The Act gives anyone the right to access information held by public authorities, unless it is exempt under an applicable exemption such as national security, personal data, commercial or confidential. The Act aims to promote openness and transparency in the public sector, and to enable the public to hold public authorities accountable for their actions and decisions.

Under the Act, authorities are obliged to respond to requests for information within 20 working days, and to provide the information requested, or explain why it is withheld. If the requester is not satisfied with the response, they can seek a review, failing which they can appeal to the Scottish Information Commissioner's (SIC), which is an independent watchdog that enforces the Act and can impose sanctions on public authorities that fail to comply.

One of the implications of the Act is that public authorities may have to disclose Whatsapp messages that relate to their official functions, if they are requested by the public. This means that Whatsapp messages that contain information about policies, plans, contracts, meetings, consultations, or any other matters of public interest may be subject to the Act, and public authorities must have systems in place to preserve and retrieve such messages. This is even the case where the Whatsapp messages are on a private device.  However, the Act also recognises that some information may be too sensitive or confidential to be disclosed and provides various exemptions that public authorities can apply to withhold information, such as for national security, legal privilege, personal data or policy formulation. Therefore, the Act does not automatically require public authorities to reveal all Whatsapp messages, but public bodies (and staff) should be aware that it is possible they may have to disclose them and any notion that use of such messaging platforms would not be caught by an FOI request is pure myth. 

Impact on the Public Sector

The use of Whatsapp by public authorities poses several challenges for complying with the Act, as well as for ensuring the integrity and accountability of their communications.  While most staff in public bodies are well aware of FOI now, it seems from the Covid Inquiry press coverage that staff may be under the impression that their Whatsapp messages are private to those in the group.  This belief and the fact that the nature of instant messaging platforms encourages concise informal language, the content of these messages may not align with the professional tone staff may naturally adopt when using email or more formal methods of communications.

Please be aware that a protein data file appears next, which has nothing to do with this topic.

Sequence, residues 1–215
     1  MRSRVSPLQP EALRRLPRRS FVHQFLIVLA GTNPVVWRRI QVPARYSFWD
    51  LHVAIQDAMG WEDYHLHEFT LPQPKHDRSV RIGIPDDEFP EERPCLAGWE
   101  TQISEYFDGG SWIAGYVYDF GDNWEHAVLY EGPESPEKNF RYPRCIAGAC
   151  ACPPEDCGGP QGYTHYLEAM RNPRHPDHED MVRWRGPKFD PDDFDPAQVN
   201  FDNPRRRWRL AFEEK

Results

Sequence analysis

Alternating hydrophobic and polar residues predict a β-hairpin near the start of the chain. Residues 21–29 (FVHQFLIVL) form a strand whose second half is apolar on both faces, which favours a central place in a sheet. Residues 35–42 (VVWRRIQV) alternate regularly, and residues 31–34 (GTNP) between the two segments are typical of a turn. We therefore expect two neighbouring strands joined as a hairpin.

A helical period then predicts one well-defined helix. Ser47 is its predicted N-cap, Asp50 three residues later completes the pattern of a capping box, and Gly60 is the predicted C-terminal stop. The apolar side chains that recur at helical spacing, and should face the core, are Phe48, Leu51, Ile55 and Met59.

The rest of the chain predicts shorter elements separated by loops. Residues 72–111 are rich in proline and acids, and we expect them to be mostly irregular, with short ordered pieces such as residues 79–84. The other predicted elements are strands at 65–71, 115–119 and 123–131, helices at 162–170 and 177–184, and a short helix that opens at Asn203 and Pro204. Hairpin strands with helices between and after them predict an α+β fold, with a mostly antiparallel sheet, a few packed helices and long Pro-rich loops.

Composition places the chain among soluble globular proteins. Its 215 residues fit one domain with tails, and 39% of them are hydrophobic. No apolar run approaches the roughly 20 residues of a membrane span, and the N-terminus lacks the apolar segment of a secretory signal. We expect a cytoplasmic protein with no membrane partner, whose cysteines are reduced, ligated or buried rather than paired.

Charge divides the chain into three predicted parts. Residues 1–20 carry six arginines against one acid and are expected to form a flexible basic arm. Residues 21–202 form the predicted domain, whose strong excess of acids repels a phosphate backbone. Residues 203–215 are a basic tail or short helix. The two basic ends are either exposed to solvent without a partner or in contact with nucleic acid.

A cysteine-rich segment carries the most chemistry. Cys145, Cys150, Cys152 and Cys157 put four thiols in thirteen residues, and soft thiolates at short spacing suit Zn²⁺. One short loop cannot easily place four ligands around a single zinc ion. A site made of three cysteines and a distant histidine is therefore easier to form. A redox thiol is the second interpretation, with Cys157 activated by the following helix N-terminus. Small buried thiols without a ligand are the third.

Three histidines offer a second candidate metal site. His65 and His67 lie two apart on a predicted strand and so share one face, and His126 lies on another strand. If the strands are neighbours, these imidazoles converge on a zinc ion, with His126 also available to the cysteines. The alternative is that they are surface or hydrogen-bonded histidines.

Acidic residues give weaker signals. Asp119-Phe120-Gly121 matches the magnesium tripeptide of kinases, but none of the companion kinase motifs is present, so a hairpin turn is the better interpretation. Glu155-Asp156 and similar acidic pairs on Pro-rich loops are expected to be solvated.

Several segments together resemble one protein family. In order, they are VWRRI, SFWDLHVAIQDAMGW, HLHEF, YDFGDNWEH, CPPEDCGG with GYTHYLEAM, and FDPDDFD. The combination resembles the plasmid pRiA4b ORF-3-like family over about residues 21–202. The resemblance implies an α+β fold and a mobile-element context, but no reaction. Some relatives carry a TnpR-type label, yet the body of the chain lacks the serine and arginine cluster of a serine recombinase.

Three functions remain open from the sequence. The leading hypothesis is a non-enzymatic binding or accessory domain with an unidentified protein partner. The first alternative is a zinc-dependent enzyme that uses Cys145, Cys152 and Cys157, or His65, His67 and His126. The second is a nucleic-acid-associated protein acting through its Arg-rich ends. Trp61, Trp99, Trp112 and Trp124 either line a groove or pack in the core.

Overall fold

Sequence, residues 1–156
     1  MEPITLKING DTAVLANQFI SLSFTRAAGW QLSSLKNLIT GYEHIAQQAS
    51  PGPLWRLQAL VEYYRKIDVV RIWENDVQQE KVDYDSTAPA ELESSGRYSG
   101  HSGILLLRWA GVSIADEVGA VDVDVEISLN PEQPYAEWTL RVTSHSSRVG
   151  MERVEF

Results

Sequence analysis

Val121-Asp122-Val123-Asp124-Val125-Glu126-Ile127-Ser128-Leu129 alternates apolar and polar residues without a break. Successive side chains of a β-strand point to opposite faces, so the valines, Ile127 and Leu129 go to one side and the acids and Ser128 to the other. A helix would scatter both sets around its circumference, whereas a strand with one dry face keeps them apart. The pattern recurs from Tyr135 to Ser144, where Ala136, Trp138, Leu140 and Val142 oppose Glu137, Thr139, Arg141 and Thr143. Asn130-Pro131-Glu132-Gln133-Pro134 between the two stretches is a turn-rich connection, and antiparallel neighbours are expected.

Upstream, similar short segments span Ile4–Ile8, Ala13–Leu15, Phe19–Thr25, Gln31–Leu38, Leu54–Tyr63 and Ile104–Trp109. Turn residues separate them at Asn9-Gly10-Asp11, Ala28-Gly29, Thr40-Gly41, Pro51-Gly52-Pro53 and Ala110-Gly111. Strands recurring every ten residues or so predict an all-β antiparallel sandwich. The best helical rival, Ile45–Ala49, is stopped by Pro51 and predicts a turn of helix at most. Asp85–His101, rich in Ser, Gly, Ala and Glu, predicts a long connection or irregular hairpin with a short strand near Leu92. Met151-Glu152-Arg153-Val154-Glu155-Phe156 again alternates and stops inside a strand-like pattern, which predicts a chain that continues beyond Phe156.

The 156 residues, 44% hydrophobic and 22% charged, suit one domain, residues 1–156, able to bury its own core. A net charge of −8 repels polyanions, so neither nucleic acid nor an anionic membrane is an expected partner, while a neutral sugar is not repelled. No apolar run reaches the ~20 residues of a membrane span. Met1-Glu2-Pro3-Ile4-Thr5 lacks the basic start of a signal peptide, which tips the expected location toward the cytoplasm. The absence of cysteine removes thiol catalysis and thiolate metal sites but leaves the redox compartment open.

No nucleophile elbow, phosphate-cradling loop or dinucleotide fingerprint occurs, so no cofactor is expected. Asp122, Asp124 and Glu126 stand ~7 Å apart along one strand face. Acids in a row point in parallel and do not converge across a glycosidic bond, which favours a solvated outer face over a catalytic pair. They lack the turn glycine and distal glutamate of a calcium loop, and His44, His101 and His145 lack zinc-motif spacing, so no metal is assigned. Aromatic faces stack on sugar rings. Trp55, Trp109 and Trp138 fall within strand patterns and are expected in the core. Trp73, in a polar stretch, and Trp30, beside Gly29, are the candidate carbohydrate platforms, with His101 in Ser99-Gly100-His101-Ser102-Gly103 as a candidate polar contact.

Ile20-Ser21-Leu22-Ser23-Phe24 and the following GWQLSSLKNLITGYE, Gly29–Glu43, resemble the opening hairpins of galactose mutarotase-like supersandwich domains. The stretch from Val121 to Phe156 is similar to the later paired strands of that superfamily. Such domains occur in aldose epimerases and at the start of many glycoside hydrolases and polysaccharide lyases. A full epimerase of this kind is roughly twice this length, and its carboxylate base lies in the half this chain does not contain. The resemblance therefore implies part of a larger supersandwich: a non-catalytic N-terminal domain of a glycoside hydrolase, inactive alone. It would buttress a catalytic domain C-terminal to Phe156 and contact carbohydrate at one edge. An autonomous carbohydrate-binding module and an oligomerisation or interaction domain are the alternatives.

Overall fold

Public authorities need to be aware that Whatsapp messages written by staff during or related to their employment can be caught by FOI Requests, including where those are held on private phones and adopt good practices for managing Whatsapp messages that may contain official information. 

Some of these practices include:

  • Establishing clear policies and guidelines for the use of Whatsapp and other instant messaging apps, such as when it is appropriate or not to use it, what types of information can or cannot be communicated via Whatsapp, and how to handle requests for Whatsapp messages. 
  • Informing staff of their responsibilities and duties under the Act and providing training and support for them to understand and follow the policies and guidelines.
  • Applying appropriate retention policies to any private messaging platforms used by your organisation. 
  • Avoid making any business decisions via instant messaging apps and ensure such decisions are properly recorded in business systems. 
  • Responding to requests in a timely and professional manner, and applying the exemptions under the Act where necessary, while explaining the reasons for withholding information. Do not delete data as a result of receiving a requests and seek advice for how to manage requests appropriately. 

Thorntons’ Data Protection Team support several public sector obligations in meeting their obligations under the freedom of information regime and are on hand to provide tailored advice. Call us on 03330 430350.

About the authors

Morgan O'Neill
Morgan O'Neill

Morgan O'Neill

Director, Data Protection Services

Data Protection & GDPR

Lewis Quinn
Lewis Quinn

Lewis Quinn

Trainee Solicitor & Legal Technologist

Intellectual Property

For more information, contact Morgan O'Neill or any member of the Data Protection & GDPR team on +44 131 624 6854.